Richie Jackson Alumni Fellowship

Are you a NY-based alum who graduated within the last three years? Are you struggling to balance your student loans with your life as an artist?

Richie Jackson, Executive Producer of the hit Showtime series Nurse Jackie, has established a fellowship program to assist the transition from the classroom to a life-long career in the arts. Up to four Fellows will be chosen to receive a $5000 stipend and be mentored by Richie Jackson in monthly meetings over the duration of the program.

Applicants must be recent New York-based graduates of NYU Tisch School of Arts’s departments of Film & Television, Drama/Grad Acting, Dramatic Writing, Graduate Musical Theatre Writing, or Cinema Studies, and have demonstrated financial need while attending Tisch by taking out a student loan. The term of the fellowship is six months, beginning March 2017. Current students are not eligible to apply.

The submission period for the Fellowship begins on Tuesday, November 1 and only the first 100 complete applications will be considered, so start prepping now! For more info about the Fellowship, visit

Submit Now! UGFTV Scripts

UGFTV SCRIPTS offers a great opportunity to get your scripts out there, have them read, make contact with managers, agents, producers, etc.  

How does UGFTV SCRIPTS work? Each semester current students and alums who have graduated within the past year are eligible to submit feature-length, one hour and half-hour scripts. Feature scripts must be a minimum of 90 pages and no longer than 120 pages. One hour pilot scripts must be 45 to 60 pages in length.  Half-hour pilot scripts are limited to 20-30 pages.

What happens next? Scripts are read and vetted by NYU writing faculty members and industry professionals. 

Purpose? UGFTV SCRIPTS introduces emerging screenwriters to top-level members of the film industry. Two students from last year’s Top Picks have landed managers. 

When? The deadline for submissions for Spring 2017 is December 9, 2016.

What else? The title, author’s name, logline and genre-type are required for each submission. All scripts must be copyrighted or registered with the WGA prior to submission.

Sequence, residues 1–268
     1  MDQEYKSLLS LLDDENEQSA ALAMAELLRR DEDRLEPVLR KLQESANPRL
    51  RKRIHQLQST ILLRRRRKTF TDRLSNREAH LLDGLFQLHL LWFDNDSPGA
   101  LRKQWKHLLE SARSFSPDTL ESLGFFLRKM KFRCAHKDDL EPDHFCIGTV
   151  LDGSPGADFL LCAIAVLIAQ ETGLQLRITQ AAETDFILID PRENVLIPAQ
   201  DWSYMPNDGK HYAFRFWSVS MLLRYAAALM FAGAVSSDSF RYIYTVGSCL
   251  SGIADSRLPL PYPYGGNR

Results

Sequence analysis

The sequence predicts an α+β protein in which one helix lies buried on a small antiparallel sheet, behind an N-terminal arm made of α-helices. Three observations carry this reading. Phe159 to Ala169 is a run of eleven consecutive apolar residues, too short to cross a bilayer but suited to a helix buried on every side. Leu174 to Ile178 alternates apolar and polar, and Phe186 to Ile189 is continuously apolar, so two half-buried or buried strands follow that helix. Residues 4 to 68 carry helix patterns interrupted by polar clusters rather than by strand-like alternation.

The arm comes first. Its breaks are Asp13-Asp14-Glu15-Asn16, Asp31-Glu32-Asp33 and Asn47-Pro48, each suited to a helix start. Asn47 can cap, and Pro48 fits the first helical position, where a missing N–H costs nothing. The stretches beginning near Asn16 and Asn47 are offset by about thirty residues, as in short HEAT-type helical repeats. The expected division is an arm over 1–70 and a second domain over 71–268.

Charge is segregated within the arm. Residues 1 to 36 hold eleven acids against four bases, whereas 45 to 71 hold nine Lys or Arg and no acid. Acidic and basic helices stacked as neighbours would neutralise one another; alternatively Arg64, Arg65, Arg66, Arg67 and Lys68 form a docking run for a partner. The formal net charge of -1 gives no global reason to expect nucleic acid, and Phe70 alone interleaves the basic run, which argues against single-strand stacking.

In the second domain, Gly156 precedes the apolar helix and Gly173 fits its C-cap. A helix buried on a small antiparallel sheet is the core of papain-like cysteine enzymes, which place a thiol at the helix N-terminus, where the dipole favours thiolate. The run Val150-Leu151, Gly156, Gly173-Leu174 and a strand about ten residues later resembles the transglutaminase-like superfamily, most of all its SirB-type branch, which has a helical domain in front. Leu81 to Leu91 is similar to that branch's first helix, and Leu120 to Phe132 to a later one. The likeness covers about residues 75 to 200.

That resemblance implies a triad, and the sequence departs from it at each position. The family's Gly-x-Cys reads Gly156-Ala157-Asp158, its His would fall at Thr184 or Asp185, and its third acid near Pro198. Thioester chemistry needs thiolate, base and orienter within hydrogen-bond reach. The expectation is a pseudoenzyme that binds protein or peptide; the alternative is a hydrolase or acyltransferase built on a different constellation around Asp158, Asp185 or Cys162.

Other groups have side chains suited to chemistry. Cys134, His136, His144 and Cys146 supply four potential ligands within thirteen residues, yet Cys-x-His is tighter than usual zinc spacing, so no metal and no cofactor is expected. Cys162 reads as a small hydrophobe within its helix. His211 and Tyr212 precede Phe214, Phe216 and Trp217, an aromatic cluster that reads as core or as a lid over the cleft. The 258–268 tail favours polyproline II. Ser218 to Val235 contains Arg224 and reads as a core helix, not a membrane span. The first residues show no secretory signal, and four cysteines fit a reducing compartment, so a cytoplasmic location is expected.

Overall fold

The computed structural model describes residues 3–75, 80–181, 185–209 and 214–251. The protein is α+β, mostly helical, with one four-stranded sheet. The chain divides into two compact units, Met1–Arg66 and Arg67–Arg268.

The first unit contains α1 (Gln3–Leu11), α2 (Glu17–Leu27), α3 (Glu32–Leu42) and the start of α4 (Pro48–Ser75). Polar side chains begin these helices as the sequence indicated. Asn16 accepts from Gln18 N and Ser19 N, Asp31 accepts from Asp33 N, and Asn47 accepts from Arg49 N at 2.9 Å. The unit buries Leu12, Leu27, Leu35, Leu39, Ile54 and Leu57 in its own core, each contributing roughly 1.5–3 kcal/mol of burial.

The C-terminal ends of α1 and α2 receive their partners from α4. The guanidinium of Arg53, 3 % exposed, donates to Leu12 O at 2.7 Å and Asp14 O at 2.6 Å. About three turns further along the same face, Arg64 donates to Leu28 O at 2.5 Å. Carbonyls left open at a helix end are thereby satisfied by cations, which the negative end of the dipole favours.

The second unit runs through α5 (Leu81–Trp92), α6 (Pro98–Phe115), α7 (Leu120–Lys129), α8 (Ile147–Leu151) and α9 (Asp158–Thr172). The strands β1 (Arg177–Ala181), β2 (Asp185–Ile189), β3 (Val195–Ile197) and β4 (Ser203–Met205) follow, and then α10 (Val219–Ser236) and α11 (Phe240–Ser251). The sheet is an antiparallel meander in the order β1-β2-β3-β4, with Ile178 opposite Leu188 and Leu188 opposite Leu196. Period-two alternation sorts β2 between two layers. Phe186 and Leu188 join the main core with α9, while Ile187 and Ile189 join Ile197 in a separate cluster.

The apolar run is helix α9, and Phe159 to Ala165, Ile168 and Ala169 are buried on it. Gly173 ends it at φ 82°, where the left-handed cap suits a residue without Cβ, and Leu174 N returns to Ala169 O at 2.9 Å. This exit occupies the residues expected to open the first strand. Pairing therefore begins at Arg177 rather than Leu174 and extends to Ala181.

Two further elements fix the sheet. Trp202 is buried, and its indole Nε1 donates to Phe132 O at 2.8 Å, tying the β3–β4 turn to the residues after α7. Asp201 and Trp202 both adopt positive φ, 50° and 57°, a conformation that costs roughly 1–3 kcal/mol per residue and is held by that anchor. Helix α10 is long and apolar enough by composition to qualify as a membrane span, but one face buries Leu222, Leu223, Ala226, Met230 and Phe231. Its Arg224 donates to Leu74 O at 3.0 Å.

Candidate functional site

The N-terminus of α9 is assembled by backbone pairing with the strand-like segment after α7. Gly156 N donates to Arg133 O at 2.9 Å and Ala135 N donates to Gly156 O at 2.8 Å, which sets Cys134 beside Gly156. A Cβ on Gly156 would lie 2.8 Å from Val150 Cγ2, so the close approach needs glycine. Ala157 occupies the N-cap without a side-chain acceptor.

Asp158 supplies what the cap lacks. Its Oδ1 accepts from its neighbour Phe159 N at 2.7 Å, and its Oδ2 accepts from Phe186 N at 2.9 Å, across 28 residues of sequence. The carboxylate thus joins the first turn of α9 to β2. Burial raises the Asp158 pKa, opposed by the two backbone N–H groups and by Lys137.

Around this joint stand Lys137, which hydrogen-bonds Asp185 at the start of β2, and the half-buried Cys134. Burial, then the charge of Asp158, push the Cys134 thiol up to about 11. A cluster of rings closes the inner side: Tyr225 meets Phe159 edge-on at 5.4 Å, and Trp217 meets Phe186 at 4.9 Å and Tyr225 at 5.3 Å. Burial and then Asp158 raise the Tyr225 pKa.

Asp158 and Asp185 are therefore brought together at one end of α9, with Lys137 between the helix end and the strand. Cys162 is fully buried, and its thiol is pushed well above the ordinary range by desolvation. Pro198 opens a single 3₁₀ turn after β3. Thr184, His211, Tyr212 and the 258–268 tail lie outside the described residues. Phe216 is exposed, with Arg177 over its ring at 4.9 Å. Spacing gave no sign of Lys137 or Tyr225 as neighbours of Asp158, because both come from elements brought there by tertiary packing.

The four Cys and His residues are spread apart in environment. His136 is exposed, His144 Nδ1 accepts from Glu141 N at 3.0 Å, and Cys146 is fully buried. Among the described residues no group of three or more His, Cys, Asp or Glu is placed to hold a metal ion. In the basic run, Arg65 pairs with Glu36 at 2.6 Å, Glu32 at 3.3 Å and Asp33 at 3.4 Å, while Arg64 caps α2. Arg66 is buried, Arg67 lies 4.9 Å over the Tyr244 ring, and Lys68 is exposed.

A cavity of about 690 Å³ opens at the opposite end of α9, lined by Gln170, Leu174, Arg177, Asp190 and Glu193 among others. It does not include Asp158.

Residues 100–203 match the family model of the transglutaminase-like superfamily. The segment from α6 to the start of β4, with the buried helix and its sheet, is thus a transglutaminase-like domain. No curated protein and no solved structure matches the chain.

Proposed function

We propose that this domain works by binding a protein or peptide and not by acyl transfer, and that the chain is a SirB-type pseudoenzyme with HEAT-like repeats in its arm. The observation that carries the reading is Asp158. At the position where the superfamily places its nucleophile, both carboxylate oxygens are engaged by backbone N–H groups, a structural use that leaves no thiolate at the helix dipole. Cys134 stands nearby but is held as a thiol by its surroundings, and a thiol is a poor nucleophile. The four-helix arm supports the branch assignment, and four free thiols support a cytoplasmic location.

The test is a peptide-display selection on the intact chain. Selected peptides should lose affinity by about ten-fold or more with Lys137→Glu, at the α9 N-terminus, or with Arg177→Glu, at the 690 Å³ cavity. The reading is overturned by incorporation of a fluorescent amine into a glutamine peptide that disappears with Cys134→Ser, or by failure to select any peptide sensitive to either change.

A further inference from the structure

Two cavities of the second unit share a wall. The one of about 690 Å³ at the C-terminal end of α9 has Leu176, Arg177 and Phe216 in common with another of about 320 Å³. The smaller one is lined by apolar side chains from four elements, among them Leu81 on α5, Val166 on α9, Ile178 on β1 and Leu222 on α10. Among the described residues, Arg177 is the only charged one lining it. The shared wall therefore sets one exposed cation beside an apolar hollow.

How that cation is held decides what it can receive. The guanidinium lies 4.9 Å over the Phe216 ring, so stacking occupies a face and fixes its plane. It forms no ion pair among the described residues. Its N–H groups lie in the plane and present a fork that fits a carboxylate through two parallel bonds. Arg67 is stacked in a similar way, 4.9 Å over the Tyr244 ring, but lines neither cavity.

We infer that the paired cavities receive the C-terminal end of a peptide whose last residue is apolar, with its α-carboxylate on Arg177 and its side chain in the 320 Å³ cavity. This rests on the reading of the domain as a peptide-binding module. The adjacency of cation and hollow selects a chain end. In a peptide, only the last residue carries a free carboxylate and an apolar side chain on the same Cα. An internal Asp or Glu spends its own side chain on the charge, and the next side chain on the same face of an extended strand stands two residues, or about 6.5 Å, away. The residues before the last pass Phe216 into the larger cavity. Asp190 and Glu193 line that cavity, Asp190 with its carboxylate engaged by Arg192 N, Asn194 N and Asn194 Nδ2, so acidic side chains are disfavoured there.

Where?  Scripts should be submitted to John Warren at  Subject line must read ‘UGFTV SCRIPTS submission.’

Q&A with Sam Esmail, Creator of Mr. Robot

Good filmmakers show us the world from a different angle. Great filmmakers change the way we see the world. Alum Sam Esmail (UGFTV, 1998) belongs to the latter. His new television show Mr. Robot is so unique it redefines a medium. Written and directed by Esmail, the story cuts deep into the experience of alienation, greed, and morality through the eyes of computer hacker Elliot. The show has earned several awards and nominations, including the Emmy noms for Outstanding Drama Series and Outstanding Writing for a Drama Series.

Esmail’s visit to Tisch is a homecoming more than an info session. His admiration for the Film & TV program lies in its encouragement of “experimentation.” Being handed a 16mm camera and told to create stories was incredibly liberating for Esmail. In the Sight & Sound Filmmaking class, through its practice to create five films over the course of the semester, he decided he wanted to tell a larger story. The result was an “interconnected story”: four films that seemed to be independent of each other until the fifth film that revealed they all worked together.

As well as a filmmaker at NYU, Esmail saw himself as a hacker and a geek. He was experienced in computer coding and was very disappointed in the portrayal of technology in film and television.

As most creative careers, life after graduation was full of twists and turns. He found day jobs editing pornography and reality television (“Basically the same thing,” he explained), but wanted to work as a director on feature films. After trying to find like-minded writers and collaborators to no avail, Esmail decided to write his own work. He never focused on writing at NYU, so he enrolled in the AFI graduate program to hone his craft.

Mr. Robot started as a script for a feature. With everything outlined, he knew everything that had to happen in this story, but grew a little concerned when he had written 130 pages and still hadn’t gotten through the first act of the film. That’s when he started getting inspired by the series True Detective and the concept of cinematic episodic storytelling. Esmail turned his film into an episodic series, though had never read a television pilot, let alone written one.

Though he received many offers, USA Network gave Esmail the best opportunity to present his vision of the story. His creative control of the piece is apparent, from the dynamic compositions to the unique use of voice over. This freedom also comes with the stress of responsibility. He never knows if he’s making a “good” decision. Instead, Esmail says, “make it important.” Scenes are interesting because they’re critical to the story.

His advice to film students is important to finding your own voice: “Do not chase what they want.” Write because you’re passionate about the content, not because it’s marketable. Then, “write a lot. Shoot a lot. Get mistakes out of the way.” Passion should be complemented with an understanding of craft. Craft only comes with practice. It’s comforting to know when you have something important to share with the world, the world will want to see it. Today is the time to find your voice and share it.